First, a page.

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Byron Shire
March 6, 2021

S Sorrensen’s Here & Now: Crazy Resistance

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Image S Sorrensen

Nimbin. Sunday, 4.35pm 

Nimbin’s MardiGrass is the most significant cultural event in the Northern Rivers. Really. That’s why the government fears it.

I’m driving into Nimbin with my companion. He and I have been working this weekend at MardiGrass as Hemp Olympix officials. It’s been a busy time with athletes from all around the world competing. The French are particularly strong in the Joint Rolling this year. Records have been broken, the human spirit celebrated.

I keep a sharp lookout. It’s difficult to find a parking spot.

‘Invoke the Parking Fairy,’ my companion says. So I do.

There are police everywhere, armed to the teeth, roaming the streets in packs, looking for trouble. It’s a tough job, because, apart from some drunks near the pub, trouble is hard to find at MardiGrass. Aggression is not really one of pot’s qualities. (Dancing is…)

My Superoo slips quietly past the cars, tents and makeshift camps lining the road into the village. A potential security threat emerges from a Wicked van, and waves at me, his arm around a laughing Ganja Faerie. I recognise him; he competed yesterday in the Hemp Olympix.

‘Bong throw,’ says my companion, waving back. ‘Thirty-one metres. Good throw. Great technique.’

‘Yeah, I remember him,’ I say. ‘Used the scissor grip. Part of the Israeli team, I think…’


‘Oh, yeah.’

‘The Israelis don’t favour the scissor grip. They like more rotation at the let-go.’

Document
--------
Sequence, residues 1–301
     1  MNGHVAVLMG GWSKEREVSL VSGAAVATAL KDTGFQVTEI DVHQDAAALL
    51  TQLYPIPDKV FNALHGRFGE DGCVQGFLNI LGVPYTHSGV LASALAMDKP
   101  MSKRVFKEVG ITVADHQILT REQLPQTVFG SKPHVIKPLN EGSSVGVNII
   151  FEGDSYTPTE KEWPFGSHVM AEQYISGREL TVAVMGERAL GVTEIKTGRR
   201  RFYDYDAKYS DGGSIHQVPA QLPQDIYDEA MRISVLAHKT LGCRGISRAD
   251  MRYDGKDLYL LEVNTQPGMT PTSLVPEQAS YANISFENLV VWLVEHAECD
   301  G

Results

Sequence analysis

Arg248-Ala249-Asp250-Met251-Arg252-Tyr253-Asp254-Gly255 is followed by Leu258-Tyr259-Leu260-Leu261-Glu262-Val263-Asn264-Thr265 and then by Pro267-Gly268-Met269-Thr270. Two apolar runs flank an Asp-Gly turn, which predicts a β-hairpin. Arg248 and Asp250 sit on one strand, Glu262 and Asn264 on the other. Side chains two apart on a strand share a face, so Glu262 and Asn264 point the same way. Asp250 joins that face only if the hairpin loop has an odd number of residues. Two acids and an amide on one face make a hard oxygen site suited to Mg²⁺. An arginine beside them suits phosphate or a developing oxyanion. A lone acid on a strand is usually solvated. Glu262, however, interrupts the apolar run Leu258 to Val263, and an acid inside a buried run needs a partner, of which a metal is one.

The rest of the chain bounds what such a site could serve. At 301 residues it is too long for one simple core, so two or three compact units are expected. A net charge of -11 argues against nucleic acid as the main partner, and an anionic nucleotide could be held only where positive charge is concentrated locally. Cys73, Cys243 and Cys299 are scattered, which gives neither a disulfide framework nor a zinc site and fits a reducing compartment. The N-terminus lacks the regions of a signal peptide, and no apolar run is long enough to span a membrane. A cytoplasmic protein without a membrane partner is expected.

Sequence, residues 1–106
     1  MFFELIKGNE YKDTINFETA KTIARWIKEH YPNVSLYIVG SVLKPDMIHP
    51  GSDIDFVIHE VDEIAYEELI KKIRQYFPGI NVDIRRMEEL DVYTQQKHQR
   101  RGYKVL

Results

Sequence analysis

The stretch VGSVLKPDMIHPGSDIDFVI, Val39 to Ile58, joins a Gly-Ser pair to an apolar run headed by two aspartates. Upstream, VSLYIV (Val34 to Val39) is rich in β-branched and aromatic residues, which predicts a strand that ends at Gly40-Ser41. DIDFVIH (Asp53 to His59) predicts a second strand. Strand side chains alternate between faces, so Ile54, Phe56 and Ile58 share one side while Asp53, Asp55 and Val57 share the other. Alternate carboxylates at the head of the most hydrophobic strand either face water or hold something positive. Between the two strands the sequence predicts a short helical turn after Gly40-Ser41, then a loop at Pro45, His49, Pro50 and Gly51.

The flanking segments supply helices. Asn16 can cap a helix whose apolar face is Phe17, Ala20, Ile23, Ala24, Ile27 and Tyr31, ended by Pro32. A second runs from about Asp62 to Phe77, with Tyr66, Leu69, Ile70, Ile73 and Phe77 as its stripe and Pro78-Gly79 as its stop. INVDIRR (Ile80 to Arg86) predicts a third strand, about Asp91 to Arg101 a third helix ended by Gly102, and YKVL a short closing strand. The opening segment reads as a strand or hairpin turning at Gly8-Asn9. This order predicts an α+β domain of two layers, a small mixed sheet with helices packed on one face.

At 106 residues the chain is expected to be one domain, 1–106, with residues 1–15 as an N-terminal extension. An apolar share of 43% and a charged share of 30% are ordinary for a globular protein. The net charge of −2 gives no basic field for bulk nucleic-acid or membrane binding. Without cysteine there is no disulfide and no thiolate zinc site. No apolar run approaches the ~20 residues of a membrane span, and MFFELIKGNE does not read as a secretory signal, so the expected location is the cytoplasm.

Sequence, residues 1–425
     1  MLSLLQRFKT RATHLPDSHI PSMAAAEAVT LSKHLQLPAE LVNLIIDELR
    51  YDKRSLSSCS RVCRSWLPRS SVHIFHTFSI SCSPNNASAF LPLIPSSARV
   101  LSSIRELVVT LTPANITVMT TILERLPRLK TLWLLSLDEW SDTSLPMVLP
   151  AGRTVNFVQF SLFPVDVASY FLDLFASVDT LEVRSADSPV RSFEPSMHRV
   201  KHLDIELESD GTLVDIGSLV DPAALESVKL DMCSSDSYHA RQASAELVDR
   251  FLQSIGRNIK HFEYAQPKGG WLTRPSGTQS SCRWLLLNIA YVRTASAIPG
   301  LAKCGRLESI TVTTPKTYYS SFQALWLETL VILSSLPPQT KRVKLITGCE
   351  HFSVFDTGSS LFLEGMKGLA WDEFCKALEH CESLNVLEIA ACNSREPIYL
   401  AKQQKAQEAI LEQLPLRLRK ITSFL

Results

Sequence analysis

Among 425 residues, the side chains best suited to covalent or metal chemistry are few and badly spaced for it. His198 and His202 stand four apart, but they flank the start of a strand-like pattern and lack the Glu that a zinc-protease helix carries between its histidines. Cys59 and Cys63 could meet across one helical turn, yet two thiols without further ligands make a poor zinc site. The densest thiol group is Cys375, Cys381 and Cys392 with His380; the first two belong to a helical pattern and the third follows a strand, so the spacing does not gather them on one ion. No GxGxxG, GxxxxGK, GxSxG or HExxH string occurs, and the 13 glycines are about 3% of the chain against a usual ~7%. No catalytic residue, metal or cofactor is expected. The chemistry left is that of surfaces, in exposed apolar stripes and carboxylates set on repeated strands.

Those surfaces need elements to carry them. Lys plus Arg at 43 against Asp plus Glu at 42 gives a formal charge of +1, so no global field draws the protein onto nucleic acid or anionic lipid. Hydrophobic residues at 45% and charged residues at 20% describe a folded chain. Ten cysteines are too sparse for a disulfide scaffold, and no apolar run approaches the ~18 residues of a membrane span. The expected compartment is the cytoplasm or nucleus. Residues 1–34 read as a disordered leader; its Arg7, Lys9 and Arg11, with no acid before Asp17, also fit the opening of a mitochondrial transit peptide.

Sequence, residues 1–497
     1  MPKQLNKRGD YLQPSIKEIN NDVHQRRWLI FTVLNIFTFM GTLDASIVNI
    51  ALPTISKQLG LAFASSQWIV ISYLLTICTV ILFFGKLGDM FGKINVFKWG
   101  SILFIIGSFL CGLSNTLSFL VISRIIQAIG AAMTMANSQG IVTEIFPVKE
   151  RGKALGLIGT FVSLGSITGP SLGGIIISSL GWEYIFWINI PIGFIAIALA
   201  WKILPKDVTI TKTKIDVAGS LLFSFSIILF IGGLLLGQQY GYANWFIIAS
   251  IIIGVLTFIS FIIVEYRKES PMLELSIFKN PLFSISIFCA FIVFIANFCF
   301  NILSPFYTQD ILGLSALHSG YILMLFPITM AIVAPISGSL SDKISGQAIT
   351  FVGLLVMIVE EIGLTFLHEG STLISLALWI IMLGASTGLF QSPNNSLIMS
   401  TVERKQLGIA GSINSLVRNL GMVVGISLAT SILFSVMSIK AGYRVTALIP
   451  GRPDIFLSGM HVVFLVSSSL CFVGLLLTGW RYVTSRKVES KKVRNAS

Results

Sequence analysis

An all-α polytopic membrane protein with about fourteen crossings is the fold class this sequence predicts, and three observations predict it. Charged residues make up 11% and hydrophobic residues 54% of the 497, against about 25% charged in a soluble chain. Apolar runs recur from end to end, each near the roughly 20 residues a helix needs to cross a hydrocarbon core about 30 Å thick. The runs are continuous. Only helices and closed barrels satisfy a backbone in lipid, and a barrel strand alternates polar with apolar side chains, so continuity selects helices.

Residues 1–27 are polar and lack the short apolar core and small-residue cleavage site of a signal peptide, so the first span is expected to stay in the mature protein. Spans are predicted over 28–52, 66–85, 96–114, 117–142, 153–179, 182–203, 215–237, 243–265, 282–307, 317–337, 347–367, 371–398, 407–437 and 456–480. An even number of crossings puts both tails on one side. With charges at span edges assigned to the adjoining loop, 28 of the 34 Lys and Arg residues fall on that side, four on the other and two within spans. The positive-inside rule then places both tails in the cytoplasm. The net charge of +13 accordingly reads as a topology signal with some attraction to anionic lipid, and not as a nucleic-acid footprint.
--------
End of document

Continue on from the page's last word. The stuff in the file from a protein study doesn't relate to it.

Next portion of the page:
‘Hasn’t helped them much this year, though…’

We laugh.

Outside the Nimbin Bowlo is a black van with flashing blue and red lights. A policeman in serious wraparounds and a padded vest stands guard while another cop bodysearches a young bloke pressed against the van, hands on head. The young bloke is obviously frightened.

The cop feels between the young bloke’s legs. A backpack is open and its contents spewed out across the footpath. I see clothes, books and a water bottle. I can’t see a gun or a bomb.

A crowd presses forward, led by a woman dressed as a marijuana leaf. The cop waves them back and radios in for backup. Cannabis is dangerous.

The government fears MardiGrass because people who come to it are not cowered by police intimidation, are not swayed by government propaganda, are not spayed by a state-sanctioned culture that doesn’t threaten the corporate paradigm.

MardiGrass, in all its intended ridiculousness, is the people’s pushback against the government’s ridiculous intentions. MardiGrass is a theatrical protest against the de-humanising of society, against the criminalisation of plant and citizen, against the abuse of kids, against the profiteering of corporations, against pointless community harassment.

MardiGrass is the premier cultural Northern Rivers event, aligning art and science with the planetary and social reality. But some people, even on the Northern Rivers, turn up their nose at the mention of MardiGrass, their cultural cringe a win for government spin.

Yes, MardiGrass is an untidy, untrendy experience embracing humanity in all its button-pushing diversity. The government hates it – so it must be good. Coming here, running the gauntlet of RDT vans and riot squads is an act of resistance to the inhuman immorality that is standard political practice in Australia today.

‘Come on Parking Fairy,’ I say as we near the Nimbin School of Arts, where the finals of the Joint Rolling World Championship will take place shortly.

In front of us, a Public Order and Riot Squad van (Oh, come on. What’s it to be, fellas? Public order or riot? You can’t have both…) pulls into the street, leaving two parking spaces free.

I steer the Superoo into the parking space.

Woo-hoo! I believe in fairies.

And I believe the French may win the Creative Roll this year.


PS: They did.

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  1. Too true. The Government fears MardiGrass as much as I fear my friend
    having been subjected to take prescribed Steroid medication because
    the ‘grass’ taking that can deal with her shot lung condition is seen as
    a criminal act.


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